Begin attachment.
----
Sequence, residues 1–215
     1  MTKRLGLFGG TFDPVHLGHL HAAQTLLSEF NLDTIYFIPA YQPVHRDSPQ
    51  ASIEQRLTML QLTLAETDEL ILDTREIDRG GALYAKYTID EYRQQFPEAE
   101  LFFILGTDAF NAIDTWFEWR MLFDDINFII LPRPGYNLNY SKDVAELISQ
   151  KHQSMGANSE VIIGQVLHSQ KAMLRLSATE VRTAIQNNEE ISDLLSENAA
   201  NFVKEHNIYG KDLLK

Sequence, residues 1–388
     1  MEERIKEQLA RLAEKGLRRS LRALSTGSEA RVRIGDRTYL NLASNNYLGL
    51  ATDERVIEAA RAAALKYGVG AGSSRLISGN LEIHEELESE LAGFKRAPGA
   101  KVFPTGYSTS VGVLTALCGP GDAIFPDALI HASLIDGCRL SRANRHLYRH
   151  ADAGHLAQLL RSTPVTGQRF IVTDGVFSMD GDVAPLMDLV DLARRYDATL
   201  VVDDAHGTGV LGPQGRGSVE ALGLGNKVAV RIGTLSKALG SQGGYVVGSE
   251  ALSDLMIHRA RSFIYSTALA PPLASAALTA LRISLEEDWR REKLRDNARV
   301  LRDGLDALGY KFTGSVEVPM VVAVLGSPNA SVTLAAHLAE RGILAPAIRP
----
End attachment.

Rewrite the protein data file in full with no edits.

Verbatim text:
Sequence, residues 1–215
     1  MTKRLGLFGG TFDPVHLGHL HAAQTLLSEF NLDTIYFIPA YQPVHRDSPQ
    51  ASIEQRLTML QLTLAETDEL ILDTREIDRG GALYAKYTID EYRQQFPEAE
   101  LFFILGTDAF NAIDTWFEWR MLFDDINFII LPRPGYNLNY SKDVAELISQ
   151  KHQSMGANSE VIIGQVLHSQ KAMLRLSATE VRTAIQNNEE ISDLLSENAA
   201  NFVKEHNIYG KDLLK

Sequence, residues 1–388
     1  MEERIKEQLA RLAEKGLRRS LRALSTGSEA RVRIGDRTYL NLASNNYLGL
    51  ATDERVIEAA RAAALKYGVG AGSSRLISGN LEIHEELESE LAGFKRAPGA
   101  KVFPTGYSTS VGVLTALCGP GDAIFPDALI HASLIDGCRL SRANRHLYRH
   151  ADAGHLAQLL RSTPVTGQRF IVTDGVFSMD GDVAPLMDLV DLARRYDATL
   201  VVDDAHGTGV LGPQGRGSVE ALGLGNKVAV RIGTLSKALG SQGGYVVGSE
   251  ALSDLMIHRA RSFIYSTALA PPLASAALTA LRISLEEDWR REKLRDNARV
   301  LRDGLDALGY KFTGSVEVPM VVAVLGSPNA SVTLAAHLAE RGILAPAIRP